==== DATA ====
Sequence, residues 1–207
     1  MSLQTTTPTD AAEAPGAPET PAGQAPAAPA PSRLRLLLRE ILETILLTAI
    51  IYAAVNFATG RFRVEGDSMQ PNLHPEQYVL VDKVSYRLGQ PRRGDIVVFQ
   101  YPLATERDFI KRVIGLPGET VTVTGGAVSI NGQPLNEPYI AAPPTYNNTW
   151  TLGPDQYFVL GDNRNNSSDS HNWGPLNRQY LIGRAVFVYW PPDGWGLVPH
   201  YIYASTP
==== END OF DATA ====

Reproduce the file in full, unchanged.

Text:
Sequence, residues 1–207
     1  MSLQTTTPTD AAEAPGAPET PAGQAPAAPA PSRLRLLLRE ILETILLTAI
    51  IYAAVNFATG RFRVEGDSMQ PNLHPEQYVL VDKVSYRLGQ PRRGDIVVFQ
   101  YPLATERDFI KRVIGLPGET VTVTGGAVSI NGQPLNEPYI AAPPTYNNTW
   151  TLGPDQYFVL GDNRNNSSDS HNWGPLNRQY LIGRAVFVYW PPDGWGLVPH
   201  YIYASTP